Lee was on the fast track to the majors before his lat injury limited him to eight games (seven starts) at Double-A Bowie. The last time we saw Lee, he was at minicamp and nearing a return to the mound. I’d be surprised if the Orioles assigned him to Triple-A Norfolk, but no matter where he starts the 2017 season, he’s a candidate to make his major league debut later this summer if healthy. Anything he does in camp will be worthy of our attention unless it’s picking a sushi restaurant. (Yume Sushi on Main St. and Pacific Rim on Hillview St. are fine choices, but I digress ...)
Just how good is Jesus Liranzo?
The Orioles must think highly of the 21-year-old right-hander or they wouldn’t have protected him in the Rule 5 draft. He was a priority. The Orioles won’t put him on the opening day roster, but he’s squarely on Showalter’s radar and that’s always a good thing. I look forward to watching his bullpen sessions and taking blurry photos with my phone.
Just how good is Joe Gunkel?
We’ve seen the numbers in the minors. Everyone wants to know how his stuff translates in the majors. He needs to pitch early in games on the road before teams start removing their starters. Keep those gray pants handy and find a comfortable seat on the bus. He wouldn’t be a bad choice as a dark horse pick. The bullpen needs a long reliever/swingman and Vance Worley isn’t walking through that door. Does this put him in direct competition with Logan Verrett?
Will Brad Brach avoid an arbitration hearing?
The Orioles made a final attempt with Joseph and reached agreement with Kevin Gausman. Brach presents more of a challenge because the gap is bigger. He wants $3.05 million and the Orioles are offering $2.525 million. A hearing is scheduled for Thursday in St. Petersburg, Fla. It’s not a huge deal in the grand scheme. Brach’s under team control through 2018 and his salary isn’t coming out of your savings account. Why do we really care? But a hearing isn’t a pleasant experience and it’s best to avoid it. Just not at any cost.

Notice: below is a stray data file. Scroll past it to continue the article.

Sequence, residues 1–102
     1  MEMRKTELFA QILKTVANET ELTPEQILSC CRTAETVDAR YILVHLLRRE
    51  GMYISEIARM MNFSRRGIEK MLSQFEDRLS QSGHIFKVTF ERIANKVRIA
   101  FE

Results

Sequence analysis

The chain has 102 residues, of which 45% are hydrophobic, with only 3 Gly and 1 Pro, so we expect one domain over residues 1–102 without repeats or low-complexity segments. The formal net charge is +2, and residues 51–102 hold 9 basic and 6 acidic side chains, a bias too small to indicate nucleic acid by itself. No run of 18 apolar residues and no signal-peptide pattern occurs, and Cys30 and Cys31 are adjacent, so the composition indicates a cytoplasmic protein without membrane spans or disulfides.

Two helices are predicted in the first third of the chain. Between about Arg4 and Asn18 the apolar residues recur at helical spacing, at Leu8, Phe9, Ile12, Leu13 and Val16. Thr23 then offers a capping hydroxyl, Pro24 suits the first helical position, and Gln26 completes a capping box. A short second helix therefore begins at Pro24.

Is what’s happening with Chris Tillman off the field more interesting than anything that’s happening on it?
The Orioles need to talk contract extension with Tillman’s representatives before starting the season. Don’t be surprised if they sneak into camp. The lines of communication have reopened, but nothing serious. Now, it’s time to get serious if they truly want to bring him back. Tillman isn’t pitching for a spot on the team and guys like him tend to work on things and not obsess over their ERAs. His pending free agency is why we should pay close attention to him, though I already feel bad about the number of times he’s going to be asked about it.
When is it OK to ask Showalter about his opening day starter?
No time like the present. Well, the complex doesn’t open to the media until Monday. So, no time like Monday. Showalter will make us wait a little while before confirming Tillman. He’ll ask reporters when they need news on a slow day and we’ll actually confer. It’s become a nice little tradition.
Will Zach Britton stop being perfect?
The games don’t count down here, but Britton went 47-for-47 in save chances last season and hasn’t failed since Sept. 20, 2015 at Tropicana Field. Any blown save will be blown out of proportion. Not because it matters, but because anything can qualify as a story. Remember Joseph’s truck, Ronny Paulino’s car and Brian Matusz’s wart? I actually raced to my laptop last March after reliever Dale Thayer opted out of his contract, hurdling an elderly woman so she wouldn’t take a charge. Then again, Britton may not be used in a save situation. It makes sense to insert him into a game before the starters are replaced by a bunch of Double-A hitters who may decide to go into coaching or real estate after taking a few hacks at his sinker.